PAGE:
Social Media – 5 Conversations to have with your child about it

Social Media Icons & Globe Image

Disclosure: This is a Sponsored Post. It is written by the staff at Laya Healthcare about social media & its potential effect on our children. Page Layout by The Stented Papa.

“This is a topic I feel very strongly about. If I’m brutally honest, it’s a huge concern for me regarding my girls when they get a wee bit older. I understand the benefits social media can bring while at the same time I’m fully aware of its dark side. I sincerely hope this post may help you regarding your own children and their use of social media. All comments are welcome at the end of the post – alternatively feel free to email me on if you have any feedback”.

The Stented Papa October 2019

Like it or not – Social Media isn’t going anywhere…

Social media can be daunting for many parents. With new apps and sites emerging daily, parents can often struggle to keep ahead of our ‘digital native’ children.

Regardless of the social media site or app your child is using, Laya Healthcare encourages parents to talk with their children and ensure they have these important conversations with them about using social media.

Social Media Image of Cyber Security Privacy Lock

What is the meaning of ‘privacy’ online?

What does it really mean when we select ‘private account’? Once we have selected this option, can we then share whatever we want and it will remain private? Unfortunately, this is not the case. The privacy option on most sites means that our information is a little less public, only shared with friends/followers we accept.

However, profile pictures, bios and usernames can remain public. Once we share content online, we lose control of that content. It can be copied, shared and edited by anyone we share it with. From speaking with young people across Ireland a statement heard a lot is, “I have 800+ friends/followers………… but my account is private”. As parents, we must challenge this belief.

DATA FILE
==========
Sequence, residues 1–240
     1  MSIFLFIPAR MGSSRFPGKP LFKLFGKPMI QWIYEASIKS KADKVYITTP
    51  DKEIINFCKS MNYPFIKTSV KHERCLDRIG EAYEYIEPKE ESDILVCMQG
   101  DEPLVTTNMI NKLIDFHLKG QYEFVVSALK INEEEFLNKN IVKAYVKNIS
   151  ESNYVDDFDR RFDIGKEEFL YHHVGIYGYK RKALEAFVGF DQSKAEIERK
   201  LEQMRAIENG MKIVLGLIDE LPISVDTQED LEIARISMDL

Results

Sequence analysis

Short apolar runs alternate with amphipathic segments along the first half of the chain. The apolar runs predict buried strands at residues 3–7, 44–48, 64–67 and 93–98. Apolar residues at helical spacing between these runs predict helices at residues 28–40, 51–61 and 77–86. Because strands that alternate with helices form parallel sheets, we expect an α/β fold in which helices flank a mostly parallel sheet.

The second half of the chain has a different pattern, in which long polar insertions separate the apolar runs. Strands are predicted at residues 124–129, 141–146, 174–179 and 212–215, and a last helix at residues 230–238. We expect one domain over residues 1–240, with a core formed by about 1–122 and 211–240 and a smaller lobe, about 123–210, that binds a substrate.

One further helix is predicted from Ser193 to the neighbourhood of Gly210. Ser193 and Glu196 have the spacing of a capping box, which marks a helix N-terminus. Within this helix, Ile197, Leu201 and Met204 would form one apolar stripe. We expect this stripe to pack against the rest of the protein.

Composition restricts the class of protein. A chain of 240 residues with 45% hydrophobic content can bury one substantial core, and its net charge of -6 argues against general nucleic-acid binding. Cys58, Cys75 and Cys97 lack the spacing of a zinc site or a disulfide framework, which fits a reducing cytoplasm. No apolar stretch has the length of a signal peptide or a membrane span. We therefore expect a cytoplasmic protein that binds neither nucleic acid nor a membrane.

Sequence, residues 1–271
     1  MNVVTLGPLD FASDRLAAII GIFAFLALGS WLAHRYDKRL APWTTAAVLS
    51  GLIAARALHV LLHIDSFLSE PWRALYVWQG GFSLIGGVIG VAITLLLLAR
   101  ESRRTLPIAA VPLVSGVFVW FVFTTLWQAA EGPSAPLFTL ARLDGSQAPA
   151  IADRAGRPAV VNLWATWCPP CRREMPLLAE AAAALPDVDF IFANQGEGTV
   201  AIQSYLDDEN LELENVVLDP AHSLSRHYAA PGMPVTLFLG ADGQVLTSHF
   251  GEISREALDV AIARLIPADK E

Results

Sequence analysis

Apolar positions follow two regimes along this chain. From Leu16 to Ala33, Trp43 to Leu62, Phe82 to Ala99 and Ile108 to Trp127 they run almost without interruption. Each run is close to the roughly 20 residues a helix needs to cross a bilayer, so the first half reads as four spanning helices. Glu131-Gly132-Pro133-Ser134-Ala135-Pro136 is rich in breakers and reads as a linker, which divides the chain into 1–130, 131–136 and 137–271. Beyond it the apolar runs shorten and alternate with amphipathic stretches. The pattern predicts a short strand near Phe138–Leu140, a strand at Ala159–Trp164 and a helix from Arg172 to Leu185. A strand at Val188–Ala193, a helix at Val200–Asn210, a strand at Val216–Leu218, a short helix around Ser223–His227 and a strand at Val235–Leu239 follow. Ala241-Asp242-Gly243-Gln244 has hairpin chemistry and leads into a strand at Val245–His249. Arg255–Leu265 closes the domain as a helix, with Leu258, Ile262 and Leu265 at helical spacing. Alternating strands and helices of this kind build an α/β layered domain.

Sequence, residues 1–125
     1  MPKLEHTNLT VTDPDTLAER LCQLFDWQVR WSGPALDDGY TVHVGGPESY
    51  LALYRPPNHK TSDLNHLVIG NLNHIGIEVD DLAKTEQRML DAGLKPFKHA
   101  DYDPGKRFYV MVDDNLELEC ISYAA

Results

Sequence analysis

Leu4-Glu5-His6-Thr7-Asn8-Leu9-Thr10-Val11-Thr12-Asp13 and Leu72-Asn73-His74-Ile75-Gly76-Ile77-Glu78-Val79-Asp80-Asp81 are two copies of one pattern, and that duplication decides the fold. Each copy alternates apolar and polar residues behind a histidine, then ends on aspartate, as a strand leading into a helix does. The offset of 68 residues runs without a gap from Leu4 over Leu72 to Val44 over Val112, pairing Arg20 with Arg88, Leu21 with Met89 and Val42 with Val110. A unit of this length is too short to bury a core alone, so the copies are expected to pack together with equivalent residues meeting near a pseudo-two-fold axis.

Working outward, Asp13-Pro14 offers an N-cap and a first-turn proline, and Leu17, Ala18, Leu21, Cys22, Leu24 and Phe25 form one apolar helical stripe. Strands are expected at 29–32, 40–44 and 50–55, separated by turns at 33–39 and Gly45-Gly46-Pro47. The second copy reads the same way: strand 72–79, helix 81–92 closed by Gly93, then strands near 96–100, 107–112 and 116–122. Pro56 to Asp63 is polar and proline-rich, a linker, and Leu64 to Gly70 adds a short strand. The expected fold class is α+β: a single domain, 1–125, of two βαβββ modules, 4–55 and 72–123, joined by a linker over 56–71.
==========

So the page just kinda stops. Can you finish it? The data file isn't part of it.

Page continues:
Who should we accept as friends/followers online?

Most young people admit to having friends or followers online that they do not know in real life. This is not always negative or risky, but all it takes is accepting one unknown individual whose intentions are destructive.

To young people – the number of friends/followers they amass is a popularity contest (unfortunately) – with them accepting strangers ‘friend’ requests to look ‘cool’, get more ‘likes’ and have more ‘streaks’ (this is where you and your friend have ‘snapped’ each other, but not chatted within 24 hours for more than three consecutive days).

This idea currently dominates children’s lives and is often seen as a way of quantifying friendships. Discuss what it means to be a friend and how friendship cannot be simply measured by a snapchat emoji or streak score.

Social Media Icons

Most young people also admit that they have friends/followers they never speak to –they merely accept them to ‘creep’ on their account. By accepting someone as a friend/follower you allow them access to the content you are sharing, ultimately allowing them to ‘creep’ on you. Talk to your child about customising their settings, so they can still maintain their friends list, but choose who to share content – such as pictures & emotions (etc.) with.

In real life, we would never hand over the volume of information we hand over when accepting a friend online. Young people think it would be ‘weird’ if someone asked them in real life “Will you be my friend? Can I have pictures of you, your snapchat username, a list of your friends etc.”

They would never hand over that content in real life – and as parents we actively encourage and teach our children not to do so – yet that is exactly what they are doing when they accept someone as a friend or follower online.